This lack of clarity hampers the legal analysis. One could argue that only preventing an immediate future attack is a legitimate aim of self-defense. Or one could argue that broader action to defeat the terrorist group is a question of proportionality and how elastic the degree of force allowed can be for achieving the traditional objective of deterring or repelling an attack. Finally, one might contend that the destruction of the terrorist group's capability is a legitimate objective of self-defense itself. The extent of self-defense — how much force the state can use and for how long — varies significantly depending on which of these interpretations one applies.
Second, the US has consistently framed its campaign against al Qaeda and affiliated terrorist groups as an armed conflict. At the most basic level, the armed conflict paradigm raises the question of whether victory in war supplants self-defense against an attack or imminent armed attack as the analytical structure for assessing the lawfulness of state action. That is, the key issue is whether the characterization as armed conflict removes the necessity and proportionality criteria from consideration and leaves the extent of self-defense — how much force against which groups and for how long — to be determined solely by the idea of victory in war.
The challenge, of course, is that no one seems to know what winning looks like against a terrorist group. Without tools for identifying when a conflict ends or, in effect, victory is achieved, it is difficult to delineate metrics for when a state has exceeded the parameters for the use of force against a terrorist group. Indeed, allowing a state to characterize operations against an armed conflict can potentially give that state carte blanche to set perpetually expanding aims in self-defense, a highly problematic scenario. Given the uncertainties, it would be wise to consider if and how necessity and proportionality can continue to play a role in assessing the reasonableness of the use and extent of the use of force, thus helping to maintain the balance between sovereignty, territorial integrity and order in the international system, and the state's inherent right of self-defense.
Finally, several questions arise from the shifting nature of a terrorist group and military operations against it as the state enjoys initial success in its forceful responses to the terrorist group's attacks or series of attacks. As a state takes forceful action, the terrorist group's ability to launch attacks will likely diminish, at least temporarily. As the threat of future attacks lessens, an assessment of the classic criteria of necessity and proportionality correspondingly changes — the necessity for action has lessened and the amount of force needed to attain the objective is lower — suggesting that the scope of self-defense is thus narrower. Operationally, however, this approach is counterintuitive. If initial success means a state has less room for maneuver, then the terrorist group has more space to reconstitute and launch attacks, thus re-triggering the state's right to act in self-defense. The result is a circular argument and legal framework divorced from the operational reality of how states respond to threats.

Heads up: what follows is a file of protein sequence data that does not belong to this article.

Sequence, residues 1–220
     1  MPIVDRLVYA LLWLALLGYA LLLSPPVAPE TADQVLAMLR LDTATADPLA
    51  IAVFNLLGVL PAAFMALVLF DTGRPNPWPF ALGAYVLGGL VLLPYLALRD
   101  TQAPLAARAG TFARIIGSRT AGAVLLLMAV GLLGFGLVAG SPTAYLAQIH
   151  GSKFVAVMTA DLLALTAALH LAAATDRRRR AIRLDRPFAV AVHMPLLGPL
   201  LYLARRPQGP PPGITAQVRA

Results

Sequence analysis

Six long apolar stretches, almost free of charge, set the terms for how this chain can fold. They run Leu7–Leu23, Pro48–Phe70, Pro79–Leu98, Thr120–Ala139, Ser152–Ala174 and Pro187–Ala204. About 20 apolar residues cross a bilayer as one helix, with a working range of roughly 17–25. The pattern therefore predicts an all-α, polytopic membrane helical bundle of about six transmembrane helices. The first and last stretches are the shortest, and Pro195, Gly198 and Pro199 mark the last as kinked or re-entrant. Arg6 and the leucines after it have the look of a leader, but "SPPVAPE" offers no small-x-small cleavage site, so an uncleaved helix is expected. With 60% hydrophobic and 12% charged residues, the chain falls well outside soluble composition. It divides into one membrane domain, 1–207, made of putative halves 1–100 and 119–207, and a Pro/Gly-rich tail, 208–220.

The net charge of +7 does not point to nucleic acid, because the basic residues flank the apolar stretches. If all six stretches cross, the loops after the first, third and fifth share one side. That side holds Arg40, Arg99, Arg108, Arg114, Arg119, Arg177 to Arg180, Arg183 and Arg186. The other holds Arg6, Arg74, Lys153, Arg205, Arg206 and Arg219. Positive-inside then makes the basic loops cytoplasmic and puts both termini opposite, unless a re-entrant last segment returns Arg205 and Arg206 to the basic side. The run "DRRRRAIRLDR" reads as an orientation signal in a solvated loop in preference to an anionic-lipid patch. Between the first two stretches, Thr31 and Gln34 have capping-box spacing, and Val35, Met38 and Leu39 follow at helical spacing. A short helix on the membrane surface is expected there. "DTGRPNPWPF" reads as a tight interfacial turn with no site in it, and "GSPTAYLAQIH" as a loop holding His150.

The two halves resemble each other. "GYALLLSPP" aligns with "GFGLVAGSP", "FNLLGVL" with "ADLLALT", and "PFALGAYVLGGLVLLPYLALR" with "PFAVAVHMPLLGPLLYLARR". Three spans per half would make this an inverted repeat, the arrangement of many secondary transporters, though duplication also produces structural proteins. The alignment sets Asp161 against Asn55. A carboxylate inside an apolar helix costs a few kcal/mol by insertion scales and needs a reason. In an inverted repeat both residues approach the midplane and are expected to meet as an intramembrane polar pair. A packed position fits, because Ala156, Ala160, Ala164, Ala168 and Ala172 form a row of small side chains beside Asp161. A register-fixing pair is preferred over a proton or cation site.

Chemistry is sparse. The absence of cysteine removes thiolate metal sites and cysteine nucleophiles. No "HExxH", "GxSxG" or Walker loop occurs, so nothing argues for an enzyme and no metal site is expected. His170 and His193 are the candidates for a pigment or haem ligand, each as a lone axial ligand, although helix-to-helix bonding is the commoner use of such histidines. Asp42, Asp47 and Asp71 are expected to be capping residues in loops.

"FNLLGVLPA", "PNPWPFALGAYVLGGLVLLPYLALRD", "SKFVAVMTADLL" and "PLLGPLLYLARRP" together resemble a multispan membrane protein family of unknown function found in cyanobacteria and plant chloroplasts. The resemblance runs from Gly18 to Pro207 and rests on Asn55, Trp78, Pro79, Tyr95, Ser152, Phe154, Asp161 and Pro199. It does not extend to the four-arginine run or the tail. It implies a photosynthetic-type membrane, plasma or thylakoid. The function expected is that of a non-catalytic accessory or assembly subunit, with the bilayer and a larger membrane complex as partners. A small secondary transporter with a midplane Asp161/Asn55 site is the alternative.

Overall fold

Ultimately, therefore, it is essential to examine how initial success and the responsive acts or maneuvers of a terrorist group affect how we consider the extent of self-defense against terrorist groups. Three features of contemporary counterterrorism are of particular interest here: terrorist groups finding safe haven in another state; terrorist groups splintering or reconstituting as one or more new or related groups; and attacks or propaganda inspiring the creation of new groups or vows of allegiance from other existing groups. The first expands the geographic range of self-defense and the latter two expand or potentially expand the spectrum of groups against whom the state proposes to use force in self-defense. In other words, initial success and its resulting effects have significant consequences for the reach of self-defense--both whom the state can use force against and where it can do so.
The discourse over the past sixteen years has focused on whether and when a state can use force in self-defense against a non-state group, the classic questions surrounding the initiation of the right of self-defense. It is now essential to develop sophisticated tools for understanding and assessing the extent of self-defense to avoid significant gaps in the ability of international law to guide and regulate the long-term use of force against terrorist groups.
Laurie Blank is a Clinical Professor of Law and Director of the International Humanitarian Law Clinic at Emory University School of Law..